Nerdette Book Club: ‘Klara And The Sun’

A copy of Kazuo Ishiguro’s ‘Klara and the Sun’ set against Greta’s bookshelf. The cover is red, depicting a pale-skinned hand cutout holding a sun in its palm.
'Klara and the Sun' is Kazuo Ishiguro's eighth novel, with at least eight thousand different ways to read it. Photo: Greta Johnsen
A copy of Kazuo Ishiguro’s ‘Klara and the Sun’ set against Greta’s bookshelf. The cover is red, depicting a pale-skinned hand cutout holding a sun in its palm.
'Klara and the Sun' is Kazuo Ishiguro's eighth novel, with at least eight thousand different ways to read it. Photo: Greta Johnsen

Nerdette Book Club: ‘Klara And The Sun’

It’s our long-awaited episode on Kazuo Ishiguro’s Klara and the Sun! This is the Nobel prize-winner’s eighth novel — you might know him from reads like The Remains of the Day and Never Let Me Go, both of which have also been made into movies.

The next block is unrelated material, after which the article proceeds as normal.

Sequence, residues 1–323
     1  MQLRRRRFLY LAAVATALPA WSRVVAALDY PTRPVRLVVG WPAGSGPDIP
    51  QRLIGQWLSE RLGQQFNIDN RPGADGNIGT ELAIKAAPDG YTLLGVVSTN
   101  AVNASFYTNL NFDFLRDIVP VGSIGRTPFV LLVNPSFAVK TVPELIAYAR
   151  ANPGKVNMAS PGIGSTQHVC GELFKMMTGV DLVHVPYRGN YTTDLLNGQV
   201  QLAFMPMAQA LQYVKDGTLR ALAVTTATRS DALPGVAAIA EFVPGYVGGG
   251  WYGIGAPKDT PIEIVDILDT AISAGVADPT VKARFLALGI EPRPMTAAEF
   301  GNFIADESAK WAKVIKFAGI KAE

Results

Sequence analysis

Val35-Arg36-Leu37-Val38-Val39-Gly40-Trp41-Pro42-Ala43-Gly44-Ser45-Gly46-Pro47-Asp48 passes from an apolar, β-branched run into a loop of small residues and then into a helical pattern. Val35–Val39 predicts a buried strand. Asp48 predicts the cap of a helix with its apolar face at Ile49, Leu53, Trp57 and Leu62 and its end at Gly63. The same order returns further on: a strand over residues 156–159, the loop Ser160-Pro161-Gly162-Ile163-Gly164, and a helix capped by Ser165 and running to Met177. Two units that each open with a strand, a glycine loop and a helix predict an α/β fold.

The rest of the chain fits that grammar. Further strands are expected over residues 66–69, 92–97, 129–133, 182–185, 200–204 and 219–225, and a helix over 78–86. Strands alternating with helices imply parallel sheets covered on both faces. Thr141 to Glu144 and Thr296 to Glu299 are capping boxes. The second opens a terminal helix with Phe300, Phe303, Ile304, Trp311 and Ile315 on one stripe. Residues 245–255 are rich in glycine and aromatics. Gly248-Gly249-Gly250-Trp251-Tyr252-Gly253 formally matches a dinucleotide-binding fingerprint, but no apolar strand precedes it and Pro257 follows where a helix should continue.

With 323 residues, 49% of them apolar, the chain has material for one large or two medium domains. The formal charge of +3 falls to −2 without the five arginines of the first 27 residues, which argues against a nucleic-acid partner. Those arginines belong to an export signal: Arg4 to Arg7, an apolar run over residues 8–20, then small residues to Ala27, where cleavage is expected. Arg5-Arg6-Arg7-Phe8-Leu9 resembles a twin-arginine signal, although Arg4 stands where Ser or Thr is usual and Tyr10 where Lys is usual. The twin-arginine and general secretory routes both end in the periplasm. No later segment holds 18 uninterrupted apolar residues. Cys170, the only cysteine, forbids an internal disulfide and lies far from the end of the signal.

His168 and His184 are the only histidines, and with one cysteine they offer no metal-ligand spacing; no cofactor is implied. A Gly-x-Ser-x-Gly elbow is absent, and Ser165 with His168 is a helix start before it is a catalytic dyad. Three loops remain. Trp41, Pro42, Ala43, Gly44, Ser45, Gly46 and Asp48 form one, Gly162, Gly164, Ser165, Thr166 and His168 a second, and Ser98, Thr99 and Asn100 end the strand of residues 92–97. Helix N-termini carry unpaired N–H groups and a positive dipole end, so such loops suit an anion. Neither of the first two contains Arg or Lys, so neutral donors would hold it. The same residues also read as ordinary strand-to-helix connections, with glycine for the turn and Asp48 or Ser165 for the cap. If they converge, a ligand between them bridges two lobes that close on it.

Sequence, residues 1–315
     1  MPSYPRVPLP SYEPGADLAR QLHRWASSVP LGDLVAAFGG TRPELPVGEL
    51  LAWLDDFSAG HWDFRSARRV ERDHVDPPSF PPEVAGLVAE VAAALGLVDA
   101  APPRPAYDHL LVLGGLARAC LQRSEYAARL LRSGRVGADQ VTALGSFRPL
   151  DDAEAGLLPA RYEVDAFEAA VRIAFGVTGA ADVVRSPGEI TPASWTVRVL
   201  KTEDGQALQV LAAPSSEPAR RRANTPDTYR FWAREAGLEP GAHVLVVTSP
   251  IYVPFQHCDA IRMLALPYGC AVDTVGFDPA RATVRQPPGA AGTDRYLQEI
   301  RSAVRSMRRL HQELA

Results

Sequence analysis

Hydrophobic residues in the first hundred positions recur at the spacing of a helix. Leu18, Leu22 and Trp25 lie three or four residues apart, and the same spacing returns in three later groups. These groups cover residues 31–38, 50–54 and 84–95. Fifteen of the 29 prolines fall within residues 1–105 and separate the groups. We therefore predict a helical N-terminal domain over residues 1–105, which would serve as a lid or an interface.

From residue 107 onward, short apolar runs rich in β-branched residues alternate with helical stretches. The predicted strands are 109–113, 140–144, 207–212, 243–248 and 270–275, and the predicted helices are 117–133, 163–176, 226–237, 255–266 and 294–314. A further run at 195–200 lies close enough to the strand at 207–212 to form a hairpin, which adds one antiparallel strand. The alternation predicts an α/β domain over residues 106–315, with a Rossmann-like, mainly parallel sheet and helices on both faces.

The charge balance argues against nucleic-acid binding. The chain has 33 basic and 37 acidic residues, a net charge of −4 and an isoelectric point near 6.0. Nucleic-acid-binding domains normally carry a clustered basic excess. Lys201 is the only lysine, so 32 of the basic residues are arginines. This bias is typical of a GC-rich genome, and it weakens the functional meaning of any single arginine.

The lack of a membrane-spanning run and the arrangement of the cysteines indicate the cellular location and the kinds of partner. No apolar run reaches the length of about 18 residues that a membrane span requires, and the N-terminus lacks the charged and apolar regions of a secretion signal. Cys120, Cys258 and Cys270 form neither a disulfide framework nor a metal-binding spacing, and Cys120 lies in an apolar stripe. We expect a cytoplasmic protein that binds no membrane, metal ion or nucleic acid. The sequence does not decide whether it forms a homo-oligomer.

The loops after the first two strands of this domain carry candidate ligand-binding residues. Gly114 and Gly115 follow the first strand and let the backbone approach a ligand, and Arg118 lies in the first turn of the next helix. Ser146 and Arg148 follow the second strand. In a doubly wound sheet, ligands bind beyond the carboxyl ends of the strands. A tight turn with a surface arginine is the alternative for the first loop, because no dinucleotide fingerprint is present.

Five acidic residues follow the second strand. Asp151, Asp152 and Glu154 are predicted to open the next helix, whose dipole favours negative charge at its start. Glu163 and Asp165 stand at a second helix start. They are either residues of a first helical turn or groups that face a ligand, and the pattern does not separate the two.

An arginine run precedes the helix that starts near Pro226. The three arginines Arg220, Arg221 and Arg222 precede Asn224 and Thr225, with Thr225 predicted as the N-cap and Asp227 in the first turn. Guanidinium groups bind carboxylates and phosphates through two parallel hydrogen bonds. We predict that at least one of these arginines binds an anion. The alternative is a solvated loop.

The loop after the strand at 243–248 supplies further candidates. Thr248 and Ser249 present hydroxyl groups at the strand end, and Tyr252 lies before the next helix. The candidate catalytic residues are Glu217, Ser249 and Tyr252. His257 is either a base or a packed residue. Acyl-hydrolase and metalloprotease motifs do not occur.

Following in the dystopian footsteps of Never Let Me Go, Klara and the Sun takes place in a near-future America where gene editing and solar-powered robot companions are the norm — if you’re rich enough. The book is told from the point of view of one of those companions, Klara, who is paired up with Josie, a girl battling a mysterious illness. It’s a lyrical rumination on what it means to be human, and whether that’s something we should even aspire to.

Unpacking Ishiguro’s latest with us are two phenomenal guests: author Veronica Roth, who wrote the Divergent trilogy and the novel Chosen Ones, and writer Anita Felicelli (Chimerica; Love Songs for a Lost Continent), who recently reviewed Klara and the Sun for the Los Angeles Review of Books. They bring their sci-fi chops and expertise in all things Ishiguro to this sometimes confounding, always entrancing read.